Higher Car Prices and Poor Buying Options: Declining Auto Leases Impact the Overall Market
The past couple of years has been a volatile time for the auto market. Higher than average new and used car prices, fewer options to choose from, and kinks in the supply chain have shaken up the industry in ways not seen for decades.
One seemingly unexpected outcome has been the decline in auto leases. While it might not seem like an impactful outcome, declining lease agreements are beginning to impact drivers looking to get into a new vehicle in more ways than one. If you’re getting ready to dip into the auto market, here’s what you need to know.
Why Aren’t Drivers Leasing Vehicles?
The price of getting into a vehicle has increased no matter whether you’re shopping new, used, or leasing. This increase in price has forced consumers to take a closer look at how they budget for their vehicles. According to the latest report from Cox Auto, the average monthly payment hit $661 in December, a staggering 33% higher than in March 2020. For many, this monthly lease payment might be better suited towards an auto payment for a new or used vehicle that they can keep at the end of the loan.
Inflationary prices across all industries have also forced consumers to pay closer attention to what they’re spending their money on as well. For many drivers, especially those who have shifted to remote work, owning a vehicle, or the type of vehicle they own may have caused them to change their buying habits.
Finally, for those who aren’t selling their vehicle, they may be part of a growing number of Americans who are deciding to hold on to their vehicle for longer. According to data compiled by S&P Global Mobility, the average driver holds on to their vehicle for roughly 12.2 years. This desire of drivers to stay in the vehicle they originally purchased has impacted the overall leasing model of the automotive market.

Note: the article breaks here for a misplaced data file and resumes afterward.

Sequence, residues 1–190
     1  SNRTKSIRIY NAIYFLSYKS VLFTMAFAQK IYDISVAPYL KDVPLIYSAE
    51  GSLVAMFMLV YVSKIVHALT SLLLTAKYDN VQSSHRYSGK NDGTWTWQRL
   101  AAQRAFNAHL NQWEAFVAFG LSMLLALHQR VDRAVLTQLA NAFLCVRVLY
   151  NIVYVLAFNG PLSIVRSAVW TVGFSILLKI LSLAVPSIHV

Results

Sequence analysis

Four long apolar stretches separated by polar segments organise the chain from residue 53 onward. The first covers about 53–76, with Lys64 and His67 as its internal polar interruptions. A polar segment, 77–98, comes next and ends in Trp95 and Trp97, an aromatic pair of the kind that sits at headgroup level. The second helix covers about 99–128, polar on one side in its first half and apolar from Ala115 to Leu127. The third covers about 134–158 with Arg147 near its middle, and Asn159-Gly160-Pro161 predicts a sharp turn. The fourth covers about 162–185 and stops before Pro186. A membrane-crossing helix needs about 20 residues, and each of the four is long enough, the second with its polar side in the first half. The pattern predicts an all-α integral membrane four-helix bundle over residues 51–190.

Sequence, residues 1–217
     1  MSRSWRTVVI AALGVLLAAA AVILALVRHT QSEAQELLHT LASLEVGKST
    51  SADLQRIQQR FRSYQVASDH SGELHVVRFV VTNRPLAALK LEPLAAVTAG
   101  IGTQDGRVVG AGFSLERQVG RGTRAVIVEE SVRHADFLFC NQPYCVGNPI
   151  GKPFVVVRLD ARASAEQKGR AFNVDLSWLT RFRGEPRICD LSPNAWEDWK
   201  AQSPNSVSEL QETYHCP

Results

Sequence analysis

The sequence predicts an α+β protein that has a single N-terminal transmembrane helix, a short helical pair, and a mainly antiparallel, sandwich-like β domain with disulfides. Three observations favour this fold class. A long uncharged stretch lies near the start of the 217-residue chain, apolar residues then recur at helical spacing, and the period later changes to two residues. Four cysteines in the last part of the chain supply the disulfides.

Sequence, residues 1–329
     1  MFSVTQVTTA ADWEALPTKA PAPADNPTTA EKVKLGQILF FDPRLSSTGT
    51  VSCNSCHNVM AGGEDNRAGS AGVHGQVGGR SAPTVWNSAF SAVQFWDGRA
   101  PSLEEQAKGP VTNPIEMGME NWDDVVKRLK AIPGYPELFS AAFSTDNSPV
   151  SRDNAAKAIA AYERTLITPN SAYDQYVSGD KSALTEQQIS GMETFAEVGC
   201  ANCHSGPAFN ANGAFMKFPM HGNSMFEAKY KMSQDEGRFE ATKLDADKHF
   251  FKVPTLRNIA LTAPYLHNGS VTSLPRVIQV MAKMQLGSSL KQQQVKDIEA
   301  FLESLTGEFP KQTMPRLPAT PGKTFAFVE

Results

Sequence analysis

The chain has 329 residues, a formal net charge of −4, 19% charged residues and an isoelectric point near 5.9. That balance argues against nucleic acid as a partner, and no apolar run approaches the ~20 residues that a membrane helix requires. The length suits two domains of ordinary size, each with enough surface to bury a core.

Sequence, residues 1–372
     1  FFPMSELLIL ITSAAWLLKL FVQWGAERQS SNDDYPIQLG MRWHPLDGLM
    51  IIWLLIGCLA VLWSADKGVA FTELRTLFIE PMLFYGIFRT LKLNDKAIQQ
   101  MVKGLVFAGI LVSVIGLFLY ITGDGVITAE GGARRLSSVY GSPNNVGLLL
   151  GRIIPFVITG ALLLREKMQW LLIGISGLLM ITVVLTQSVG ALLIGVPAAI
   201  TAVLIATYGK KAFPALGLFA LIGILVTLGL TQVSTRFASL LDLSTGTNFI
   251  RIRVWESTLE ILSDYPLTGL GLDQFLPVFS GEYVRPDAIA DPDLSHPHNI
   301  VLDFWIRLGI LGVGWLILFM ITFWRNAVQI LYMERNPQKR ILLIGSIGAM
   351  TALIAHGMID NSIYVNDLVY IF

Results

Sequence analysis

What Does This Mean for Used Vehicle Inventory?
As rates of lease agreements decline across the nation, the ripple effects are being felt in the used car inventory. Leased vehicles are an important pipeline to the certified pre-owned inventory that many used car dealers carry. Leased vehicles are newer, are still under warranty in most cases, and are still in great condition for a higher resale value. With fewer drivers leasing vehicles, there isn’t a dedicated pool of vehicles to tap into for car dealers that need to replenish their certified pre-owned car lots.
How Will Used Car Prices Be Impact By Declining Lease Agreements?
With fewer used vehicles to choose from in the certified pre-owned inventory, drivers are looking at fierce competition against other drivers who are looking to shop used. The natural outcome? The price of used vehicles has soared over the past couple of years. While largely fueled by the pandemic, interruptions in the supply chain, and other economic factors, fewer lease agreements played a role in driving up the price of used cars.
Luckily, as the automotive industry begins to stabilize, many drivers are starting to see the price of used vehicles tick downward. While prices are nowhere near pre-pandemic lows it begs the question of whether drivers are ready to get back into leased vehicles or whether the trend is set to continue into 2023.
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